This paper describes the enhanced oil recovery (EOR) studies conducted for the low permeability Kharaib B carbonate reservoir of the Al Shaheen field, located offshore Qatar. The reservoir is characterised by large lateral variation in oil properties (Lindeloff et al., 2008), lateral uniformity in geological and petrophysical properties over large distances, a relatively thin oil column in a transition zone, and the presence of local gas caps. The Kharaib B reservoir is currently undergoing water-flooding, which is reaching maturity in parts of the field.

The EOR screening process will be described together with the performed experimental programs and the results of the calculations performed to reduce the uncertainty in assessment of the efficiency of various recovery processes. Four EOR processes were evaluated in the screening study: gas injection (hydrocarbon gas and CO2), alkaline-surfactant-polymer flooding, microbial EOR, and air injection.

In the process of qualifying the EOR processes, a 6-month gas injection trial was performed to determine whether the degree of reservoir heterogeneity was as predicted. The results from the gas injection trial showed no premature breakthrough of gas. Furthermore, the modelling studies and the enhanced oil recovery potential for the different studied processes are presented with results showing that the microbial EOR process is currently not considered an applicable EOR process, whereas the remaining EOR processes could be beneficial from a subsurface point of view with gas injection showing greatest potential. Evaluations of the feasibility of implementing each of the EOR processes in the offshore environment are discussed.


The Al Shaheen field is one of the giant oil fields of the Middle East situated in Block 5, offshore Qatar (Figure 1). Maersk Oil has been developing the field with Qatar Petroleum since 1992 with start-up of production in 1994 and implementation of water injection in 1996 (Thomasen et al., 2005). The Kharaib B reservoir is one of the five producing reservoirs in the Al Shaheen field and it has been producing since the production start-up in 1994. Water flooding is mature in parts of the fields where injection water breakthrough has been observed in producing wells. The development philosophy of the Kharaib B reservoir centres on long horizontal wells, the older wells placed in radial well patterns and the newer wells in parallel line drive patterns of alternating water injectors and oil producers. Well placement is designed to avoid fractured regions within graben zones of the reservoir. The successful placement of the wells outside fractured zones is confirmed by the good water flood performance of the injector-producer pairs with high oil recovery and only few short circuits of injection water into producing wells.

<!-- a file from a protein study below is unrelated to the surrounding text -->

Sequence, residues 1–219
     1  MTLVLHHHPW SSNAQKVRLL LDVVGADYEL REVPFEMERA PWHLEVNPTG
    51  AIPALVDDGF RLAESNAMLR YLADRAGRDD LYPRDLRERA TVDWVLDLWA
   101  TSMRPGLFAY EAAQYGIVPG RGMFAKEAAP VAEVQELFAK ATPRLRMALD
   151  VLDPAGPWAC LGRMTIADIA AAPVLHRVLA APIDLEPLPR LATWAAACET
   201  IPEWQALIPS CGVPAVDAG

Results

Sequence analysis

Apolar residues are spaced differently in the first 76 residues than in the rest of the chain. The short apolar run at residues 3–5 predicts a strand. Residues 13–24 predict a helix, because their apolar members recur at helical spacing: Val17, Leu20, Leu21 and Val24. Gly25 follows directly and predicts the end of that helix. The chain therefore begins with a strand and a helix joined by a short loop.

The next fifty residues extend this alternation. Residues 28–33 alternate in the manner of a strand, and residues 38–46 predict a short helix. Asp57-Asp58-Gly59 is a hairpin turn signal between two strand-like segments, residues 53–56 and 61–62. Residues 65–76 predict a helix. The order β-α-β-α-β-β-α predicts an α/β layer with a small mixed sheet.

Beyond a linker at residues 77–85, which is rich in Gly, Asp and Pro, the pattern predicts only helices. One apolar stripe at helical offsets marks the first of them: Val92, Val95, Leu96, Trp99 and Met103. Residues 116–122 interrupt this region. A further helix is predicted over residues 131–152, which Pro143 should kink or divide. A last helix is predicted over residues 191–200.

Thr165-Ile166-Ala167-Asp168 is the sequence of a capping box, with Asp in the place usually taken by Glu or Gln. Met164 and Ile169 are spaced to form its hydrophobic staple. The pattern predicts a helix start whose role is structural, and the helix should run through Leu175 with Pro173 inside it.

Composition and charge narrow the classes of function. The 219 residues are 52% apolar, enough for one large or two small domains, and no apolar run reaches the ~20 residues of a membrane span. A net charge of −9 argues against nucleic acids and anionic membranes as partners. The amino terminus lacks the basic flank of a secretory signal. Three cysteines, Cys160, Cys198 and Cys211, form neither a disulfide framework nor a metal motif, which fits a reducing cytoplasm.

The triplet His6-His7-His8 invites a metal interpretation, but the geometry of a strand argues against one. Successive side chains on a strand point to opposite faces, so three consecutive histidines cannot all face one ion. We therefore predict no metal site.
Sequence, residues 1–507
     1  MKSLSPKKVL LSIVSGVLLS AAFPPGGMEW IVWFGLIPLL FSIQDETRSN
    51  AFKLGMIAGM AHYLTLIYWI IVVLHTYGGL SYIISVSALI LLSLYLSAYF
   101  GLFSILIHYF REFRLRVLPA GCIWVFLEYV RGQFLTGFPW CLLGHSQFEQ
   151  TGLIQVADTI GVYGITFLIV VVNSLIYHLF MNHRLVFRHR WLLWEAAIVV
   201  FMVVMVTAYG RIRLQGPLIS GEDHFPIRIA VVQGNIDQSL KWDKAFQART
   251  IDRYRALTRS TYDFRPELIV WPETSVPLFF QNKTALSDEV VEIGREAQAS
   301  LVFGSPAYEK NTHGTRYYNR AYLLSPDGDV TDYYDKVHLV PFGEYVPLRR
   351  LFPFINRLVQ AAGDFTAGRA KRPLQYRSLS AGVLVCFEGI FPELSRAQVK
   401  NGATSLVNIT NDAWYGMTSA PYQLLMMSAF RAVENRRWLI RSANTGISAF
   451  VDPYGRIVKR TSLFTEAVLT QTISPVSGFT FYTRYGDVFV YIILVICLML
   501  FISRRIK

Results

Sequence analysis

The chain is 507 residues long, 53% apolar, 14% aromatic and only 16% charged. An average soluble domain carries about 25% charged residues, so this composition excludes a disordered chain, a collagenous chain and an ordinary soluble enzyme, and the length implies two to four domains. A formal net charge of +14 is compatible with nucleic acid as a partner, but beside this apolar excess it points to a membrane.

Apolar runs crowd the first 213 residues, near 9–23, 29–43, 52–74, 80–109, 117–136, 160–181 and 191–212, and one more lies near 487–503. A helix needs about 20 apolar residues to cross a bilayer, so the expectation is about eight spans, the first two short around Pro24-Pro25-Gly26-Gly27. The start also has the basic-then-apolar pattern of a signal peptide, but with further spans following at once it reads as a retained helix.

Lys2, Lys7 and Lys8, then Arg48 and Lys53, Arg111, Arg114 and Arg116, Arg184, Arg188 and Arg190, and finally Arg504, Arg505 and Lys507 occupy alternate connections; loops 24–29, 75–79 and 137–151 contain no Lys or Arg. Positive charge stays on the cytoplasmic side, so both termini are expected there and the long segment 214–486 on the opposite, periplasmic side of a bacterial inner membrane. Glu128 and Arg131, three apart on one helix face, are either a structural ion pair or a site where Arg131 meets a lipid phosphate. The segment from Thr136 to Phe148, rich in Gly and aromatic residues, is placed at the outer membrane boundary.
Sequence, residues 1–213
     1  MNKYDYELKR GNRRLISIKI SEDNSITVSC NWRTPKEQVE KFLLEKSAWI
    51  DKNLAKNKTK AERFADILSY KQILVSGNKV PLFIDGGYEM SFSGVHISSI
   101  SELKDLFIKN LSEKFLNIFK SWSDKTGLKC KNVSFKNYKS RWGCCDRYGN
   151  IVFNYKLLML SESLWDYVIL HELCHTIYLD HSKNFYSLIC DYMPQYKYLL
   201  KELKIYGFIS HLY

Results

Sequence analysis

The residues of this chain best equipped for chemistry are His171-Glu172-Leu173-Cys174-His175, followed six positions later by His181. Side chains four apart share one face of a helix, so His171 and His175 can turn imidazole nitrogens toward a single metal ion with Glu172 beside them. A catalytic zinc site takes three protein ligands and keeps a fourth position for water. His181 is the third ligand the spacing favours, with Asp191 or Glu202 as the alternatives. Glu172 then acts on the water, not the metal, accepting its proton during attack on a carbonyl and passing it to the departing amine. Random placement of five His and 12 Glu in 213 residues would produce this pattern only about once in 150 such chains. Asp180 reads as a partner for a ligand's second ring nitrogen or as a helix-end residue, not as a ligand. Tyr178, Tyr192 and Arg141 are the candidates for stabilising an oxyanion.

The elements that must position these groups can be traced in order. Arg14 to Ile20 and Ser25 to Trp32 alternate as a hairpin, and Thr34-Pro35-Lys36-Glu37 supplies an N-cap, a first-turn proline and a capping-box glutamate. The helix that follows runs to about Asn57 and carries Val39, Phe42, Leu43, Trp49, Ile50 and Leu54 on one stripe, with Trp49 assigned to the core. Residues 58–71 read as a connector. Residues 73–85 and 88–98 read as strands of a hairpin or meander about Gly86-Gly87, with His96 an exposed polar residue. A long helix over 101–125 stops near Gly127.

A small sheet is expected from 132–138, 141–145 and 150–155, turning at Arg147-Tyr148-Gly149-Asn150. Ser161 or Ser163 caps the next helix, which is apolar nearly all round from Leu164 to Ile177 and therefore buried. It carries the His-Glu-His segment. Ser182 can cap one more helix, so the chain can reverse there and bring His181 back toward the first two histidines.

The Kharaib B reservoir is characterised by a thin oil column (up to 80 ft), low permeability in the range 1–10 md and lateral continuous layering extending more than 25 km across the field. The geological and petrophysical characteristics of the reservoir correlate well within the field with the carbonate rock in the best producing parts of the formation being oil-wet to mixed-wet whereas the deeper layers and reservoir flanks are mixed-wet to water-wet.

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